The Case of the Bossy Boardmember; Create a New Sense of Purpose
Dear Dr. Hurd,
I recently moved to Rehoboth to join my partner who’s been here full-time for a few years while I was still commuting. She is a member of our HOA board, and I’m beginning to discover that she has alienated some of our friends in our condo because of her aggressive and overbearing attitude. We used to have fun with these people, but they now avoid her because of her bossy and often insulting demeanor. Every time I bring it up, she gets “high and mighty” about her position on the board. It’s just an HOA, for goodness’ sake. Is it worth losing friends over?
Dr. Hurd replies:
Twenty-five years of professional counseling has taught me that people generally know what they’re doing. They might not want to know, but they still have the power to know. I believe that may be the case with your partner. In her mind, for now, her position on your HOA is more important than friendships.
If you asked her what you asked me, “Is this worth losing friends over?”, I expect she’d say no. But she probably doesn’t see that as a cost, because she prefers to not see what she’s doing. We cannot control other people. It’s always possible to reason with or potentially persuade them, provided we “have their ear.” I won’t discourage you from trying, but apparently you’ve already tried, and it didn’t turn out very well.
You’re essentially asking, “Is there something other than rational persuasion I can use to change her mind?” The answer is, “No.” Magical thinking can fool some into believing there’s something more, but there isn’t. Gentle persuasion might help a little: “I know the HOA is important to you, and I admire how principled and determined you’re being about it. But I notice our friends are backing away. Have you noticed that?” I only mention the “nice” approach because many people write it off before even trying it.
Then there’s the more blunt approach, where you tell her precisely what you told me. Show her this page, if you like. Rest assured it won’t go over well, at least at first. Though it might or might not have the impact you want, I suspect it will not.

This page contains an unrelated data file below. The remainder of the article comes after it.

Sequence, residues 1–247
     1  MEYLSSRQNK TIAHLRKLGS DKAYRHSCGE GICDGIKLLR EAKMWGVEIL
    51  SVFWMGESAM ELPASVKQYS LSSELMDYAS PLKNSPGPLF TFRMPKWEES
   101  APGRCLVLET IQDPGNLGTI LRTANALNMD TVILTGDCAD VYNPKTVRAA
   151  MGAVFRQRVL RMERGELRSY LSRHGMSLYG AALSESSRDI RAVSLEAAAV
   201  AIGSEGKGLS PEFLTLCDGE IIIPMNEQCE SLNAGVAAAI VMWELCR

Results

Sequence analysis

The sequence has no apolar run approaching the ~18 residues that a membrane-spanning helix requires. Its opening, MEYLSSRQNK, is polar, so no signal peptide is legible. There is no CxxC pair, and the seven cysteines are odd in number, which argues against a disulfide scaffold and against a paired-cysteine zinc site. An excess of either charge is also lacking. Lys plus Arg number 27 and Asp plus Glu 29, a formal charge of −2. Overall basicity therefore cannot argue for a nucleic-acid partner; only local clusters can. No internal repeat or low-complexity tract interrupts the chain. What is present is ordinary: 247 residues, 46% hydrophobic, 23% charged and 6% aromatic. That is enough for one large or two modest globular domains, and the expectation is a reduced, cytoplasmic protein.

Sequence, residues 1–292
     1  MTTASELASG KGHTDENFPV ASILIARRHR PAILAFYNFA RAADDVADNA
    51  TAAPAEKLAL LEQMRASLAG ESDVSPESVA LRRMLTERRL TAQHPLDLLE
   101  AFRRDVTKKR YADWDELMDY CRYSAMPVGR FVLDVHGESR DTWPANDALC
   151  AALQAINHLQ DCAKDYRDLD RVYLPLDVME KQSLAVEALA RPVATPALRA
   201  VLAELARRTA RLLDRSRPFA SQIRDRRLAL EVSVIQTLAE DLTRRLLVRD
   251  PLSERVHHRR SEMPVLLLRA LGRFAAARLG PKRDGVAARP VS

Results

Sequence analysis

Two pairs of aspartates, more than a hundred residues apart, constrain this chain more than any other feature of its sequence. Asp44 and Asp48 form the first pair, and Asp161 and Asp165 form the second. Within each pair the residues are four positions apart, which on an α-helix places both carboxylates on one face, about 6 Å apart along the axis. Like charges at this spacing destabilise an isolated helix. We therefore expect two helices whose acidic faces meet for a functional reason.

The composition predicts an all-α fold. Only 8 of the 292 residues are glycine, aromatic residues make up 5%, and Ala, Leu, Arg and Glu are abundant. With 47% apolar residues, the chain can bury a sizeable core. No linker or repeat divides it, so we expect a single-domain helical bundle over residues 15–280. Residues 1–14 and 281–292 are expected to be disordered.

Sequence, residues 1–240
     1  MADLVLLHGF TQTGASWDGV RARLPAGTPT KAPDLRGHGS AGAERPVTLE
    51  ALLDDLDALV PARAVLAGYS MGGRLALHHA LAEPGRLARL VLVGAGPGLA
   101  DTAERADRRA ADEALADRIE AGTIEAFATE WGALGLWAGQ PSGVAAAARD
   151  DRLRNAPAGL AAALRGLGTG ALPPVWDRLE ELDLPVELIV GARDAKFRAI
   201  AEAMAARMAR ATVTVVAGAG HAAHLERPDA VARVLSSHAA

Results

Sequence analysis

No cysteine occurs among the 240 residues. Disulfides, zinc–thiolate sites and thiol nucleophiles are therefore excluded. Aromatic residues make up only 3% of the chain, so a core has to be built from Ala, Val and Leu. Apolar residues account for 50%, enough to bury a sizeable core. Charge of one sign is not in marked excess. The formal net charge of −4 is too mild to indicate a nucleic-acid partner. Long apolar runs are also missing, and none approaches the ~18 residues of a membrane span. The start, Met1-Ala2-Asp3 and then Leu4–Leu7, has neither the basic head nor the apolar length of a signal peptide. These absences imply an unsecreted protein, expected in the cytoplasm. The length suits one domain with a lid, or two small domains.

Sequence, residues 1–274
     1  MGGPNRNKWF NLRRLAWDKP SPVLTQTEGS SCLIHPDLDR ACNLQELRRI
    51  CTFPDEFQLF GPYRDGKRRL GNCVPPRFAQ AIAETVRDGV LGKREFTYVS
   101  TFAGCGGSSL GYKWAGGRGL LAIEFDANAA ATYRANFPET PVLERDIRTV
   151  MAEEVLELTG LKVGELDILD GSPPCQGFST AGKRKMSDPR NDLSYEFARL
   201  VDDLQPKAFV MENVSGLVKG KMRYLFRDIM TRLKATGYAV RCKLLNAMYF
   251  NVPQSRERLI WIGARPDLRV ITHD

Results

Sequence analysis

If you are close enough to these people in your condo, you might want to contact them in private and tell them you understand how your partner is being, and that you want them to know that you know. Avoid any negative commentary about your partner, of course, but at least you’ll have said something. As an interim measure, this can sometimes make all the difference in saving the friendships, at least until she sees what she’s doing—or her term of office runs out.
Dear Dr. Hurd,
My partner and I retired to this area about a year ago. In a nutshell, I’m just not very happy. It doesn’t have to do with anything specific; I love my partner, we adore our home, we’re making new friends, but I just can’t get rid of this general malaise of anxiety and sadness. We both looked forward to retiring from our busy and successful careers, but now that it’s a reality I can’t make myself feel happy, though I know I’m supposed to.
Dr. Hurd replies,
From what you wrote, you don’t know what’s causing your anxiety and sadness. You will probably need a professional to help coax this out of your subconscious mind. However, I’ll attempt to get you started.
The first step is to identify your exact emotions. Emotions are nothing more than thoughts that “pop up” automatically in response to your values and beliefs. So ask yourself, “What would my emotions say, if they could talk?” I’m only guessing here, but it might be that you’re feeling a lack of purpose. You described your career back home as “busy and successful”—could it be that you’re simply lacking a clear-cut, specific set of reasons for getting up in the morning?
Many mistakenly assume that mentally healthy people must have a sense of purpose. But just surviving comfortably is not enough. Whether it’s a job, a career, a cause or a hobby about which you’re passionate, you obviously need more than just the nice house and nice friends. Those are important, but in a sense they’re just the side dishes, not the main course. What’s the main course? It sounds to me like you haven’t decided that yet. So your anxious and sad emotions are telling you, “Hey, get on with it.”
Again, this is only a guess, but it’s an educated guess. I can’t overstate how often I see this happening to retired people. Sometimes they don’t sufficiently think out their plans. For years they’ve assumed, “Once I retire and move to the beach, life will be bliss.” This deeply held belief ultimately clashes with the facts once retirement becomes a reality. The next step is anxiety, sadness, or even depression. I see it every day.
The good news? It’s entirely fixable. Find a skilled cognitive therapist who can help align your old beliefs with your new reality.
Michael J. Hurd, Ph.D., LCSW is a psychotherapist and author. His office may be reached at 302-227-2829. Email questions or comments to Dr Hurd.